My beer drinking career started in 2009, with a pint of Dark Star Hophead. Cask, of course. When I went off to uni, I found myself joining the Real Ale Society in the first week. Under their wing, I discovered Ilkley, Saltaire, Acorn… All of those marvellous local breweries which I took for granted and gradually bored of.
My friends and I quickly went from drinking pints of local cask to spending ages in Beer Ritz, trying to find the coolest new stuff, and splurging our student loan on halves of Flying Dog Gonzo in North Bar. Then there were trips to Manchester for Mikkeller single hop series tastings at Port Street, Kernel tap takeovers in London, discovering sour beer on a visit to Cantillon… Within a couple of years of first getting into beer, I had already fallen out of love with cask.
By 2013 I was working in a beer bar in Manchester city centre, and it was all about the newest American import, or the most bitter IPA you could get your hands on. The ‘craft beer revolution’ (cringe!) was thoroughly under way, and in the bars we were loving it, relishing the chance to gently convert the customers who complained that “this stuff is all cold and fizzy” or asked for “a pint of bitter”.
But now? It’s 2018, and god, I could murder a well kept pint of something classic on cask.
I don’t think it’s just me. From what I’ve seen, a number of us are feeling the same. We’ve become vaguely fatigued by the fervour of attention grabbing beers pushing boundaries and ABVs further and further. The whirlwind of brightly coloured cans and shiny Instagram pictures of cool serves and mad collaborations is great fun, but it can be knackering trying to keep up with it all. Sometimes there comes a point where you just want to duck out of the party early and go home to read a book in your pajamas.
Perhaps it’s not cask I’m craving. Perhaps it’s more moderate flavours and a more relaxed way of enjoying beer. But I’m not convinced. Somehow a pint of 3.9% easy drinking pale on keg just isn’t quite as comforting as the same beer in cask. The light, lively feeling on your tongue. The bright white lacing clinging to the side of the glass. Good cask beer is a little joy. There’s nothing quite like it.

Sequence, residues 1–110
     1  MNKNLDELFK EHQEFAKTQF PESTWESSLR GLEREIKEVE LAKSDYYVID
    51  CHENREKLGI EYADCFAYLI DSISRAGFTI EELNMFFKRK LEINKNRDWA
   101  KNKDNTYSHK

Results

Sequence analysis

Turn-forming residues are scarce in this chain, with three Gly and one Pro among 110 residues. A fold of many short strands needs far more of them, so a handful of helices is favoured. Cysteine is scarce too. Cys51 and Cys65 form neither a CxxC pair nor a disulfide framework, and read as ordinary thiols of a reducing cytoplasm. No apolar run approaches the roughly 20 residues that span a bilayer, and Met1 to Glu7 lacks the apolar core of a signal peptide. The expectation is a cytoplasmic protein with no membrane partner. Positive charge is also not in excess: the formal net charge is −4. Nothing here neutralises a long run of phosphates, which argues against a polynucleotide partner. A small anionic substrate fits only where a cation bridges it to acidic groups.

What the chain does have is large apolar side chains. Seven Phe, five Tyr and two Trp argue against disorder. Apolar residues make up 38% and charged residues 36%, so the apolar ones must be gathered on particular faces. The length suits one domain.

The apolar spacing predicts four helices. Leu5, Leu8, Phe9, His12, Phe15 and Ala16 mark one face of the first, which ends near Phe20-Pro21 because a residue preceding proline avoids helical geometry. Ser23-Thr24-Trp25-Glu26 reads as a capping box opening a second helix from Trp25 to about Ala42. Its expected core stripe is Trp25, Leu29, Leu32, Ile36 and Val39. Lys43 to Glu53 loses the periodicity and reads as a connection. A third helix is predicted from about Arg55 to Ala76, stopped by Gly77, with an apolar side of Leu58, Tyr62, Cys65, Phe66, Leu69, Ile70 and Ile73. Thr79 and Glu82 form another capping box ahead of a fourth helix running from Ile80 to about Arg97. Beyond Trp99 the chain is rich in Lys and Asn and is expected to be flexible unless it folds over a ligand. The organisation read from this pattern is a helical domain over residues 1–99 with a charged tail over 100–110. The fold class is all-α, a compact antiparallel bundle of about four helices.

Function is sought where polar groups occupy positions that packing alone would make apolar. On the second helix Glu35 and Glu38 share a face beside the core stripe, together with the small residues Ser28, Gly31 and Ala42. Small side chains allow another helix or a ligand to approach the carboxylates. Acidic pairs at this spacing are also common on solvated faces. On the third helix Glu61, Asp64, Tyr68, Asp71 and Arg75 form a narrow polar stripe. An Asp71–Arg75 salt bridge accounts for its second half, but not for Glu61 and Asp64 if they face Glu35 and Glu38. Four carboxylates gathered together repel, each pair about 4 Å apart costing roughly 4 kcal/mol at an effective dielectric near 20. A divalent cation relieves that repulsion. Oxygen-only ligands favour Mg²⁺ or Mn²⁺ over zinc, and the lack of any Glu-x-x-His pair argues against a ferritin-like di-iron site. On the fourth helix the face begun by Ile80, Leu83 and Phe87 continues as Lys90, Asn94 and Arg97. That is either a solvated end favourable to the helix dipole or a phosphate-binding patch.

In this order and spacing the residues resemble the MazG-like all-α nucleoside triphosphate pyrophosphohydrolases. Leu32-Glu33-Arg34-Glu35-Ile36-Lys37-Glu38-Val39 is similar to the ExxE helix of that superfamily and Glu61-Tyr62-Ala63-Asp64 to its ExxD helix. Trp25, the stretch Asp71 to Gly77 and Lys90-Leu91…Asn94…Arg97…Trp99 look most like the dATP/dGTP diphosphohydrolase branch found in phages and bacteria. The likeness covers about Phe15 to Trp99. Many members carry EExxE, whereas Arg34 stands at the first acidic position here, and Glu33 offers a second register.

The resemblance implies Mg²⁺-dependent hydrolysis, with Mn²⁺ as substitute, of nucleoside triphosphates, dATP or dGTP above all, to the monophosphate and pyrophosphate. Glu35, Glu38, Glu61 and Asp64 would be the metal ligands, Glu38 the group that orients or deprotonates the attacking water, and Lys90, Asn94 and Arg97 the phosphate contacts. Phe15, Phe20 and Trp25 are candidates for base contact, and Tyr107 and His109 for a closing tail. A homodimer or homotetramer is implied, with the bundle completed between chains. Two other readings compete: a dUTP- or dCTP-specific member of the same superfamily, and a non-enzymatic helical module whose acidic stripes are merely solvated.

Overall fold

Don’t get me wrong. I’m not disowning keg beer or saying I’m never going to touch another DIPA. Far from it – I am convinced that some styles absolutely work better in keg. Dispense is all about context. But I’ve come back to appreciating well kept traditional cask alongside the huge hoppy hits and mouth-puckering sours I’ve been chasing for the last few years.
Part of that process has been due to being back working in places where they actually know how to look after a cellar. I’ll always try whatever interesting thing appears on the keg lines, of course; Mondo’s Passionfruit Pale deserves a special mention. But more and more I’ve found myself opting for a pint of classic cask pale.
The beer I’ve drank most of in the last couple of months, while I’ve been in London? Surrey Hills Shere Drop. It’s not strong. It’s not tongue-scouringly hoppy, or tart enough to make your face fold in on itself, or as dark as a true crime fan’s search history. It doesn’t grab your attention with every single sip. What it is, however, is 1) good, and 2) consistent. It’s a beer for supping a few pints of while you talk nonsense with a group of friends in a pub where the music isn’t too loud, and the chairs are comfy. Ah – the realisation hits – I’ve got old. (It’s a joke! Of course it’s a joke.)
But the fact is, as my companion commented as we sat in the Northern Monk Refectory that afternoon, “kept right, cask is a beautiful thing”. I agreed wholeheartedly. Then we went back to the bar for the next round, and bought thirds of BA Toffee Strannik. Keg, of course. Context, yeah?